United States District Court, E.D. Missouri, Eastern Division
MEMORANDUM AND ORDER
C. COLLINS UNITED STATES MAGISTRATE JUDGE
case is before the Court on Plaintiffs' Motion to Remand
this case to state court. (Doc. No. 19). The motion has been
fully briefed. The Court takes up this motion first, as the
question of whether this Court has jurisdiction is a
threshold issue. The parties have consented to the
jurisdiction of the undersigned United States Magistrate
Judge pursuant to 28 U.S.C. § 636(c). (Doc. No. 29). For
the reasons stated herein, the case is hereby remanded to the
Twenty-Second Circuit Court of the State of Missouri.
filed this action on October 12, 2016 in the Circuit Court of
the City of St. Louis, Missouri. (Doc. No. 1-7). An Amended
Petition was filed on November 14, 2016. Id.
Defendants Johnson & Johnson and Johnson & Johnson
Consumer, Inc. (collectively “J & J
Defendants”) filed for removal of this case to federal
court on November 30, 2016. (Doc. No. 1). Defendant Imerys
Talc America, Inc. (“Imerys”) consented to the
removal. (Doc. No. 13).
are twenty-six women (or in the case of the deceased, their
personal representatives) who allegedly developed ovarian
cancer after using talcum powder or a talc-based product for
feminine hygiene purposes. Plaintiffs claim that they are
variously citizens of Arizona, California, Florida, Illinois,
Kansas, Massachusetts, Michigan, Missouri, Nevada, New
Jersey, Oregon, Pennsylvania, Texas, Utah, Washington and
Wisconsin. According to the Amended Petition, six of these
women are citizens of Missouri or were when they were living.
& J Defendants are New Jersey corporations with their
principal places of business in New Jersey. Defendant Imerys
is a Delaware Corporation with its principal place of
business in California, though registered to do business in
the State of Missouri. Imerys is alleged to be successor in
interest to Luzenac America, Inc. Plaintiffs allege that all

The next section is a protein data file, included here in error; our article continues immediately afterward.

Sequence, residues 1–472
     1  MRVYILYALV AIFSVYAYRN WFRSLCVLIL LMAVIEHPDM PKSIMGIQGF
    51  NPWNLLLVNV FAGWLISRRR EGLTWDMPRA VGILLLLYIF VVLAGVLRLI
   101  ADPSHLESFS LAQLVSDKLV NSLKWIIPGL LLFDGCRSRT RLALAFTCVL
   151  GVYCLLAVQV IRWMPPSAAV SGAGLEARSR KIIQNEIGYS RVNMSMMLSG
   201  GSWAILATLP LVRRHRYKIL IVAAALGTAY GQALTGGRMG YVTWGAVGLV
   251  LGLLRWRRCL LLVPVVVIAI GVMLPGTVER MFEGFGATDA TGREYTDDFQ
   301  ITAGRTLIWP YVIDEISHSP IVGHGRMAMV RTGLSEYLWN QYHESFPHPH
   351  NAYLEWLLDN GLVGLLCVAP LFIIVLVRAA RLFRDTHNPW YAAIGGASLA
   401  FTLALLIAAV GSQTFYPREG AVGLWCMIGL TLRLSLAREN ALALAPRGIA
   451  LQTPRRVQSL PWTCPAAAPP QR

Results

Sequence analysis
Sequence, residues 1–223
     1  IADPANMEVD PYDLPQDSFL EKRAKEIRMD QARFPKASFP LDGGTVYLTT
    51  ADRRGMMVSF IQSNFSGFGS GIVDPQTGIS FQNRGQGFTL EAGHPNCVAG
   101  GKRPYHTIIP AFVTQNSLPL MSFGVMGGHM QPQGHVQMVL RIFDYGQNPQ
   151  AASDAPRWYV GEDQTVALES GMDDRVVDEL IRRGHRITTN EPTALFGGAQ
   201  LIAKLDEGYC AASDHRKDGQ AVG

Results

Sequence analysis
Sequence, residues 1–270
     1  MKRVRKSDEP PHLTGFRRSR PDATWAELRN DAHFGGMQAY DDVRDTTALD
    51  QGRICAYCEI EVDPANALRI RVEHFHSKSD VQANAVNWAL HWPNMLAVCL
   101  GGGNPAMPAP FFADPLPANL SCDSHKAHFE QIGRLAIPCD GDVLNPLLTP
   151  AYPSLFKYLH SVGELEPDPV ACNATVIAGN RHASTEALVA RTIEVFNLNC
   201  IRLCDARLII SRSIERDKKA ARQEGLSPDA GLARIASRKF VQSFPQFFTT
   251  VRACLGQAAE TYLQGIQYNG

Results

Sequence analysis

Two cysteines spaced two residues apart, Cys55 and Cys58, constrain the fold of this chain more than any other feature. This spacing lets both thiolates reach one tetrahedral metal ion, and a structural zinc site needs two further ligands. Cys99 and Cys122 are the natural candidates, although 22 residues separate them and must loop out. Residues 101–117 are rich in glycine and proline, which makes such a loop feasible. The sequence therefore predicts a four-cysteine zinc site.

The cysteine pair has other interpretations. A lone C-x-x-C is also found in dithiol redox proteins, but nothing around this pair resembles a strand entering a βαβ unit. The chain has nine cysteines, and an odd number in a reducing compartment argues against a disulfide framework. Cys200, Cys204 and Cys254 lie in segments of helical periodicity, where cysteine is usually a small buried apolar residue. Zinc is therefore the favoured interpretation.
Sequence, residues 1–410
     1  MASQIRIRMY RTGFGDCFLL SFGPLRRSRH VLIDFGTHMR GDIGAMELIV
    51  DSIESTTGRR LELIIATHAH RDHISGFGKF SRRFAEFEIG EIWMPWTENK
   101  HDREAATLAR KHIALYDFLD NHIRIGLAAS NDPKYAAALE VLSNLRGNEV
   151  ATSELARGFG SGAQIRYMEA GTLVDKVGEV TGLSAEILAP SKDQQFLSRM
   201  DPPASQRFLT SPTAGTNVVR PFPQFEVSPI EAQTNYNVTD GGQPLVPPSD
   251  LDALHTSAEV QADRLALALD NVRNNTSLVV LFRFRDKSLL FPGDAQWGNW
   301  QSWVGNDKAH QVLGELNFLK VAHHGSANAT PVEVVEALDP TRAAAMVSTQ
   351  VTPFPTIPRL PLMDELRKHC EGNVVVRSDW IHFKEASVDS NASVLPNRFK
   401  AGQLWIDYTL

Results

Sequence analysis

defendants are involved in the design, development,
manufacture, testing, packaging, promoting, marketing,
distribution, labeling, and/or sale of the products known as
Johnson & Johnson Baby Powder and Shower-to-Shower.
assert claims of strict liability for failure to warn, strict
liability based on defective design, negligence, negligent
misrepresentation, fraud, civil conspiracy, “concert of
action, ” breach of express warranty, breach of implied
warranty, violation of the Missouri Merchandising Practices
Act (§ 407.020 R.S.Mo. et seq.), and wrongful
death. They also assert a claim for punitive damages.
removed the case to this Court on the basis of diversity
jurisdiction under 28 U.S.C. § 1332. With respect to
diversity jurisdiction, Defendants argue that although there
is a lack of complete diversity on the face of the Amended
Petition, the Court should dismiss the claims of the
non-Missouri plaintiffs for lack of personal jurisdiction, at
which point complete diversity would exist. Defendants also
argue that diversity jurisdiction exists because
Plaintiffs' claims have been fraudulently misjoined in an
attempt to keep the case out of federal court.
December 8, 2016, Plaintiffs filed the instant motion to
remand this case, arguing that the Court should address
subject matter jurisdiction before personal jurisdiction and
that the Court should remand the case for lack of subject
matter jurisdiction because there is no complete diversity.
Defendants oppose the motion to remand.
defendant may remove a state law claim to federal court only
if the action originally could have been filed there.”
In re Prempro Prods. Liab. Litig., 591 F.3d 613, 619
(8th Cir. 2010). See also 28 U.S.C. § 1441(a).
After removal, a party may move to remand the case to state
court, and the case should be remanded if it appears that the
district court lacks subject matter jurisdiction. 28 U.S.C.
§ 1447(c). The party invoking federal jurisdiction and
seeking removal bears the burden of establishing federal
jurisdiction, and all doubts about federal jurisdiction are
resolved in favor of remand. Central Iowa Power Co-op, v
Midwest Indep. Transmission Sys. Operator, Inc., 561
F.3d 904, 912 (8th Cir. 2009).
may not proceed at all in a case unless it has jurisdiction.
Crawford v. F. Hoffman-La Roche Ltd., 267 F.3d 760,
764 (8th Cir. 2001). The initial dispute between the parties
concerns whether the Court should first consider the issue of
subject matter jurisdiction or the issue of personal
jurisdiction. Plaintiffs argue that the Court should first
consider whether it has subject matter jurisdiction over the
case, and that it should find no subject matter jurisdiction
and remand the case. Defendants argue that the Court should
first consider whether it has personal jurisdiction over
particular Plaintiffs' claims, dismiss any claims over
which it does not have personal jurisdiction, and only then
evaluate whether it has subject matter jurisdiction.
Ruhrgas AG v. Marathon Oil Co., 526 U.S. 574 (1999),
the Supreme Court noted that “in most instances
subject-matter jurisdiction will involve no arduous inquiry,
” and that in such cases, “both expedition and
sensitivity to state courts' coequal stature should impel
the federal court to dispose of that issue first.”
Id. at 587-88. It is within a court's
discretion, however, to consider the issue of personal
jurisdiction first in cases where the question is